On Sunday, Yellen told Face the Nation that a bailout like the one in 2008 is not on the table this time around.

‘Let me be clear that during the financial crisis, there were investors and owners of systemic large banks that were bailed out… and the reforms that have been put in place means we are not going to do that again,’ she said.

‘But we are concerned about depositors, and we’re focused on trying to meet their needs,’ Yellen noted.

She said she has been working ‘all weekend with our banking regulators to design appropriate policies to address the situation.

‘I can’t really provide further details at this time, but I really want to emphasize that the American banking system is really safe and well capitalized. It’s resilient.’

The FDIC has already announced that insured funds up to a maximum of $250,000 at the bank will be available to depositors Monday morning.

For the uninsured deposits, the FDIC said it will pay depositors an ‘advanced dividend within the next week – but many fear they could lose substantial sums or face a long wait to get their cash back.

‘Uninsured depositors will receive a receivership certificate for the remaining amount of their uninsured funds,’ the agency said in a statement.

‘As the FDIC sells the assets of Silicon Valley Bank, future dividend payments may be made to uninsured depositors.’ 





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Treasury Secretary Janet Yellen announced on Sunday that the government will not bail out Silicon Valley Bank after it shuttered on Friday

Meanwhile, both the FDIC and Federal Reserve are working with firms on a potential merger with the failed institution.

It is holding an auction for the bank, with final bids due Sunday.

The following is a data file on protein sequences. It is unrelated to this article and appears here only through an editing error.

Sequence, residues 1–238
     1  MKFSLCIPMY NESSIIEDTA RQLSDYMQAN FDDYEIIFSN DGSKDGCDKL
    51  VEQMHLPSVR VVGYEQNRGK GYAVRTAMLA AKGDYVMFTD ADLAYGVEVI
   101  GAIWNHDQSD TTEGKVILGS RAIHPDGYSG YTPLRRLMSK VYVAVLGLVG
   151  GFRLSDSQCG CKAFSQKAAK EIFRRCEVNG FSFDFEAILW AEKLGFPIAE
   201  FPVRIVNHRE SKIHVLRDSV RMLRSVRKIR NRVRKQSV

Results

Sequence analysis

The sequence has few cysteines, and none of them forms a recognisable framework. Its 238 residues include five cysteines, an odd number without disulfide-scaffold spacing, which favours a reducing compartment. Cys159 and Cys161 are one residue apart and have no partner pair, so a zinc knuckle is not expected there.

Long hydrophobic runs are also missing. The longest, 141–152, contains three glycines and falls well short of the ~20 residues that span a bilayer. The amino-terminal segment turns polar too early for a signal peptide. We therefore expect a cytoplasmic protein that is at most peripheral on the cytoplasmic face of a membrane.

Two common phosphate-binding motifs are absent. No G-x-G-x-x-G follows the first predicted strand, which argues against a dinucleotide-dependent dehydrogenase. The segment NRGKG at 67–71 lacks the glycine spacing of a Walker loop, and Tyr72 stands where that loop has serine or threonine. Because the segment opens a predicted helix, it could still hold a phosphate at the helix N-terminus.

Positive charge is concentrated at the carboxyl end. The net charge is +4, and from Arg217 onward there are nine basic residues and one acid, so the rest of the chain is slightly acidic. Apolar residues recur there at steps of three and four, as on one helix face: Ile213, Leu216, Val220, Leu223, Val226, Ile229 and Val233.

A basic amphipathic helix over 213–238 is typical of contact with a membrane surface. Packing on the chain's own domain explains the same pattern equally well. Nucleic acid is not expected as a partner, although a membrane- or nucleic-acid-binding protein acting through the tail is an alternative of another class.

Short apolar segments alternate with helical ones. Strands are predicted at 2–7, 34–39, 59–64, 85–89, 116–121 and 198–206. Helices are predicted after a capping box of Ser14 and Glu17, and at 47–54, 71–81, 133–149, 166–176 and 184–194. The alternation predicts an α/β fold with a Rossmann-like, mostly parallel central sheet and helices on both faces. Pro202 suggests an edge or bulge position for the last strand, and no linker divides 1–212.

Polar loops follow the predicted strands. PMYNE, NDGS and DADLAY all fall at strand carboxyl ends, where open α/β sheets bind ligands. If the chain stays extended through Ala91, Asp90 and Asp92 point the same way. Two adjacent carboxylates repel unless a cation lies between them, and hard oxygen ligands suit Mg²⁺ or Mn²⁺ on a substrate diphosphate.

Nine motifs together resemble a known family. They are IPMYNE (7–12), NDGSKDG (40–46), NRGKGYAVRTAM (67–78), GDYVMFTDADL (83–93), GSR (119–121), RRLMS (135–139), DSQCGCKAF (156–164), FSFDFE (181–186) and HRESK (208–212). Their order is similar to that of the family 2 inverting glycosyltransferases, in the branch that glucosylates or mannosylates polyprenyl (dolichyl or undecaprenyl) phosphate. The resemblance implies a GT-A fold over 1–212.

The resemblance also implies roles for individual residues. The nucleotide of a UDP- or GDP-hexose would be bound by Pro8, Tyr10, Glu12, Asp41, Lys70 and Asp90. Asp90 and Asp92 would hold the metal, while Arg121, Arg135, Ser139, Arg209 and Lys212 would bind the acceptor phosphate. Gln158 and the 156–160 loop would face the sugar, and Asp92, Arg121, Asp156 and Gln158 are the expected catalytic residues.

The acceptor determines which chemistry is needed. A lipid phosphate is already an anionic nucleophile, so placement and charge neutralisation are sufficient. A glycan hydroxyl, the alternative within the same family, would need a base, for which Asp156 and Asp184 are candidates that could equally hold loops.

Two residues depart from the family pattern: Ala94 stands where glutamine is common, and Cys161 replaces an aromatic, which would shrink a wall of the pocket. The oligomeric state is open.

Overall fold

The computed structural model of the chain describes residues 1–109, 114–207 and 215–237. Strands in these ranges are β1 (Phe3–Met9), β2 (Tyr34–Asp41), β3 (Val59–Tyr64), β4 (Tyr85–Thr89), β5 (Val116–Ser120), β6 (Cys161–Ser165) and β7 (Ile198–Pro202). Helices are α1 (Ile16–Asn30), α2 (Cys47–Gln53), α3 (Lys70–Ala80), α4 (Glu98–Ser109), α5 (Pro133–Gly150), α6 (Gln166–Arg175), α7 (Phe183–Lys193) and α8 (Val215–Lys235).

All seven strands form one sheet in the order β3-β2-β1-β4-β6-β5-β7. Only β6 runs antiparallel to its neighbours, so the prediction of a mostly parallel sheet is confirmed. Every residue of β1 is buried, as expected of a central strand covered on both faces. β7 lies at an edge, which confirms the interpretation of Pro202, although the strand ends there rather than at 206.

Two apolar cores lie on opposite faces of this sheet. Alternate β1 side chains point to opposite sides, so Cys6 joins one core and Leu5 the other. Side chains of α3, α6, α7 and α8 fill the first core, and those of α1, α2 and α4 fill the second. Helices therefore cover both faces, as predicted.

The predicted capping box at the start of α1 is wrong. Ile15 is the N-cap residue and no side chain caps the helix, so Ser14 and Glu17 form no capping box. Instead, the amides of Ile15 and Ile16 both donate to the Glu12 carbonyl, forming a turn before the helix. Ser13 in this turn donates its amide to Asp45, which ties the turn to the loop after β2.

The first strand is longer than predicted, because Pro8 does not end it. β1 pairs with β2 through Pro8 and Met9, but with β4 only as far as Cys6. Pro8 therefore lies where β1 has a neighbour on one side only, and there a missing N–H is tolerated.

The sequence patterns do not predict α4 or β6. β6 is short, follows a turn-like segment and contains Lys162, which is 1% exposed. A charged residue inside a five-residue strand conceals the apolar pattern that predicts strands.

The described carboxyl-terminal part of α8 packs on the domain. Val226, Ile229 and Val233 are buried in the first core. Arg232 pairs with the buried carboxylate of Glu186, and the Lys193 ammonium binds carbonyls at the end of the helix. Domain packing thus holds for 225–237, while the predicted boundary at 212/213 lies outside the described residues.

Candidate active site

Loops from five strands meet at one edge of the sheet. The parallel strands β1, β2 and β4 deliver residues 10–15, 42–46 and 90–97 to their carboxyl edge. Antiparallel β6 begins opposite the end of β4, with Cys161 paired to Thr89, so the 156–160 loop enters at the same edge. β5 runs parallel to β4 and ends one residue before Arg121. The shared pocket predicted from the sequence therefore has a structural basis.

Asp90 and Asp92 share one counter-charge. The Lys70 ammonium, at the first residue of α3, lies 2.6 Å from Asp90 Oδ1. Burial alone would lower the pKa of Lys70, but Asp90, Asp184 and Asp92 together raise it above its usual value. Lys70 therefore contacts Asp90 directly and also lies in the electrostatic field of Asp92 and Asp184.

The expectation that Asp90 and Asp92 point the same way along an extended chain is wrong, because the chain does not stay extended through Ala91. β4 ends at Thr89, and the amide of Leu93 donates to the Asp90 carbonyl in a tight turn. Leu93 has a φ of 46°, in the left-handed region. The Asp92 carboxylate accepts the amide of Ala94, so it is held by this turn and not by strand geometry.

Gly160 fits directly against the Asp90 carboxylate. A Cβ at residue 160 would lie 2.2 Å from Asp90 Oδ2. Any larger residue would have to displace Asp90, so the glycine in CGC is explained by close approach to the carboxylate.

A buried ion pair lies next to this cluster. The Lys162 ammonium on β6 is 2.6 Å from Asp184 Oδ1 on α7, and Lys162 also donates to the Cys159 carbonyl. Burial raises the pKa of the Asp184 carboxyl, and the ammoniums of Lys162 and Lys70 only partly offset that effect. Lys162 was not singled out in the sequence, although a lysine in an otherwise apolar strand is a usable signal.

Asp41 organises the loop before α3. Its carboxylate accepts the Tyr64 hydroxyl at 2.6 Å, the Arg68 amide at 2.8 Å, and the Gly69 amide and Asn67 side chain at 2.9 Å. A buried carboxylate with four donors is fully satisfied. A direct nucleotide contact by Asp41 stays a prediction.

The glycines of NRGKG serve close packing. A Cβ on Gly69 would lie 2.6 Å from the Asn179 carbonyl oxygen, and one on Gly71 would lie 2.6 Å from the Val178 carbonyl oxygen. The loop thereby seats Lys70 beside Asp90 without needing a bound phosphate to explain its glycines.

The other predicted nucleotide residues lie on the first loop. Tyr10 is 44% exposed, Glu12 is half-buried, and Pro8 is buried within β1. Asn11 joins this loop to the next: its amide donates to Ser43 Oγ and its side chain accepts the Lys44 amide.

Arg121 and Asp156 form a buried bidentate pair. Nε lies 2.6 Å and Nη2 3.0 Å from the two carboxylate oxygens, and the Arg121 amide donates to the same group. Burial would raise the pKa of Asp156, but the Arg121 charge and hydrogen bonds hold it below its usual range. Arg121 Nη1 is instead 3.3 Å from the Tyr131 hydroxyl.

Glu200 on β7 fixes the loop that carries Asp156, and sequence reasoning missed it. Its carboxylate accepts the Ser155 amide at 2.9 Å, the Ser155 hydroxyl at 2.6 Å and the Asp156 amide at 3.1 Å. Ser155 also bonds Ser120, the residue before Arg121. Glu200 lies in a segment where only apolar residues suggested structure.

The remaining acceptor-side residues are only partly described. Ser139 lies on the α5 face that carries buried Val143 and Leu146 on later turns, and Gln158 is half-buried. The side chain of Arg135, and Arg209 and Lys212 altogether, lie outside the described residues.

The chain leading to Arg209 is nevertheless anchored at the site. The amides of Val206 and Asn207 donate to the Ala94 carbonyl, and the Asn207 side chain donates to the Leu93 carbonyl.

In the event that no buyer emerges, financial regulators are now said to be discussing two different vehicles to manage the fallout and safeguard uninsured deposits at the bank, sources familiar with the matter told CNBC.

One way they could do that is by creating an emergency backstop program, which the Federal Reserve could use to funnel short-term ash to borrowers in need with the approval of the Treasury Secretary.

The problem with that option, the New York Times reports, is that these programs only provide loans.

And under the Federal Deposit Insurance Act, any emergency backstop programs must be broad-based, preventing their use for insolvent companies.

Another idea was the possibility that the FDIC invoke the ‘systemic risk exception’ loophole, which allows the federal government to pay back uninsured depositors if failing to do so would have serious adverse consequences for the economy or financial stability.

It would have to be approved by the Treasury Secretary, the President, the FDIC and the Federal Reserve Board.

But by doing that, federal government officials would essentially admit that they fear the collapse of SVB could have a serious effect on other regional banks, and perhaps even the economy as a whole — something they are trying to avoid in order to  prevent people from quickly withdrawing their funds.

Federal regulators may also forego those who have uninsured deposits altogether, and set up a ‘general banking facility’ from the Federal Reserve.

That would support other financial institutions that have done business with SVB so that they wouldn’t have to materially change their business practices or take steep losses.





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Billionaire hedge fund manager Bill Ackman is predicting an economic meltdown following the collapse of Silicon Valley Bank on Friday